World Soccer views and news
Arsenal and Liverpool serve up real English flavour
Just how English was the all-English Champions League quarter-final between Arsenal and Liverpool on Wednesday?
As English as bacon and eggs? Or as un-English as a croque monsieur served up by a French chef with a sense of humour working in a Spanish tapas bar somewhere in deepest Essex.
FIFA and UEFA are wrestling with this very problem right now. In essence they want clubs based in a country to eventually feature a majority of players developed in that country playing for the team.
But Wednesday’s 1-1 draw at the Emirates was more of a Spanish-French battle than an all-English one. The only Englishmen involved were Steven Gerrard and Jamie Carragher of Liverpool, while Theo Walcott came on as a halftime substitute for Arsenal. Justin Hoyte was on Arsenal’s bench and Peter Crouch on Liverpool’s.
There were four Spanish players on field at the start: Both goalkeepers (Manuel Almunia of Arsenal and Pepe Reina of Liverpool), as well as Cesc Fabregas of Arsenal and Fernando Torres of Liverpool. Liverpool coach Rafa Benitez is Spanish and Alvaro Arbeloa, an unused Liverpool sub, is also from Spain.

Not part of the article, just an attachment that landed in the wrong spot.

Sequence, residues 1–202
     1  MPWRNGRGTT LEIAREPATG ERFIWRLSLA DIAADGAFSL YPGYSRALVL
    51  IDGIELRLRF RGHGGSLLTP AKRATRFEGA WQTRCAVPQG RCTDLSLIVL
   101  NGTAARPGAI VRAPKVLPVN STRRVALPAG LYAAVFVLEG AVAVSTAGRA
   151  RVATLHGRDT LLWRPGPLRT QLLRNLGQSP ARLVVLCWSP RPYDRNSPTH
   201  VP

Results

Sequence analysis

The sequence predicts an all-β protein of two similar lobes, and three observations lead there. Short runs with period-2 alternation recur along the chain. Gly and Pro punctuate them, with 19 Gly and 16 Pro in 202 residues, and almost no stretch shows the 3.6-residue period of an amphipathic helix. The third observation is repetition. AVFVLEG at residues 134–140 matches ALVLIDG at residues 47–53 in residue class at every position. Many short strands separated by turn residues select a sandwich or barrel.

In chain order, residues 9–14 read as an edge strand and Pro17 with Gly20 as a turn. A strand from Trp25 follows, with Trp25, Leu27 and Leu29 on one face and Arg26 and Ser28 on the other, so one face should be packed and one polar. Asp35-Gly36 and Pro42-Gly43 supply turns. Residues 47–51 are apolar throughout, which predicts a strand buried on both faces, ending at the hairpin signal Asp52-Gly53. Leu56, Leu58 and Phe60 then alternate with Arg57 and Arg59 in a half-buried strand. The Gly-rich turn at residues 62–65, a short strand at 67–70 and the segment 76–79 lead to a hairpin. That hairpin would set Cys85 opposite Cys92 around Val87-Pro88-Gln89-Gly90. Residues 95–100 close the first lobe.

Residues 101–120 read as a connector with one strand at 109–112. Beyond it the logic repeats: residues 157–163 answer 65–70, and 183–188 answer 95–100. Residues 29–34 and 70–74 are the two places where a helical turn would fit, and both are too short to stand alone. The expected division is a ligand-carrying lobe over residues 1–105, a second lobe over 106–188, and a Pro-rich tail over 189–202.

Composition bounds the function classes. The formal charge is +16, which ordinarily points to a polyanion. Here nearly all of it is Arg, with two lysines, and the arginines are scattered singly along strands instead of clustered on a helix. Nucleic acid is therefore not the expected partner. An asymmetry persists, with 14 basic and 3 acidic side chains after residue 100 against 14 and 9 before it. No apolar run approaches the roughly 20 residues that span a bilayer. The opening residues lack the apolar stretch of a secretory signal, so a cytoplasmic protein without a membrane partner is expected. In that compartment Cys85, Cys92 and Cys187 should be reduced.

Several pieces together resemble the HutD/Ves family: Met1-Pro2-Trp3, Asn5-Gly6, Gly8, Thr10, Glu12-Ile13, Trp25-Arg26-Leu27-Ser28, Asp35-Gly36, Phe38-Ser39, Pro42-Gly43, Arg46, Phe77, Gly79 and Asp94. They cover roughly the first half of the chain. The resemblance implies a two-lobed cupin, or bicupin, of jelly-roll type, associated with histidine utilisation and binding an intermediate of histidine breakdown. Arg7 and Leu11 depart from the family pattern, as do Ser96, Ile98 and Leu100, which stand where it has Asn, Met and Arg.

Arsenal fielded three Frenchmen: William Gallas, Mathieu Flamini and Gael Clichy with Abou Diaby on the bench while coach Arsene Wenger is of course French. Of the rest, two were South Americans, three were from Africa and another seven from other European ports of call including three from the Netherlands.
Those are just the facts. But the odd thing is this – the match was undeniably English in flavour. Although Liverpool defended like a great Italian team of old, the match was played at the typically high tempo pace seen every week in the Premier League. It had the feel of a classic encounter between two great old English rivals.
So does it matter if hardly any of the players were English? I’ve always thought that once a player pulls on the shirt of the club you support, you almost forget where he comes from and he becomes one of “your players”.
Should FIFA president Sepp Blatter think again about his 6+5 rule that would eventually mean the majority of players have to be either from the home country or developed there? After watching a superb game of football last night I am wondering whether it actually matters.
Mike Collett, London
PHOTO: Arsenal’s Cesc Fabregas and Liverpool’s Lucas tussle during their Champions League quarter-final first leg, April 2. REUTERS/Eddie Keogh